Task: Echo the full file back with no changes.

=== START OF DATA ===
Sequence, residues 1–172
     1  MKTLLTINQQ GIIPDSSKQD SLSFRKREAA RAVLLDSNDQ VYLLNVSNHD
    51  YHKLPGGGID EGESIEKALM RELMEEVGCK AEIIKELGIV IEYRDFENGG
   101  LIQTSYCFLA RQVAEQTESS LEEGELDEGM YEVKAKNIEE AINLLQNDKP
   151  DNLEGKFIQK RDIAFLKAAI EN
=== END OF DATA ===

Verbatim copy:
Sequence, residues 1–172
     1  MKTLLTINQQ GIIPDSSKQD SLSFRKREAA RAVLLDSNDQ VYLLNVSNHD
    51  YHKLPGGGID EGESIEKALM RELMEEVGCK AEIIKELGIV IEYRDFENGG
   101  LIQTSYCFLA RQVAEQTESS LEEGELDEGM YEVKAKNIEE AINLLQNDKP
   151  DNLEGKFIQK RDIAFLKAAI EN